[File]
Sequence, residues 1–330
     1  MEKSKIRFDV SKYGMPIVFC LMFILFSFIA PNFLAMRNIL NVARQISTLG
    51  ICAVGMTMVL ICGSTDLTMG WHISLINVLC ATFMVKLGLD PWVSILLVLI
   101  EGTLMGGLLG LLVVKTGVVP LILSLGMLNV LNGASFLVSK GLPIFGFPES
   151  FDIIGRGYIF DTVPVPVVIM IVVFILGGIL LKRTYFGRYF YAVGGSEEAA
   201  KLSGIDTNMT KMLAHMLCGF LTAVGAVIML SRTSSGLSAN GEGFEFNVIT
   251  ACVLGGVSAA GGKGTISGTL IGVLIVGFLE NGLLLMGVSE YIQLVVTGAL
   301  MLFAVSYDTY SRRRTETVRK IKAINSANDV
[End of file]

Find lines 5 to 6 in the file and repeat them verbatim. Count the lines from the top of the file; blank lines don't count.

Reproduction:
   151  FDIIGRGYIF DTVPVPVVIM IVVFILGGIL LKRTYFGRYF YAVGGSEEAA
   201  KLSGIDTNMT KMLAHMLCGF LTAVGAVIML SRTSSGLSAN GEGFEFNVIT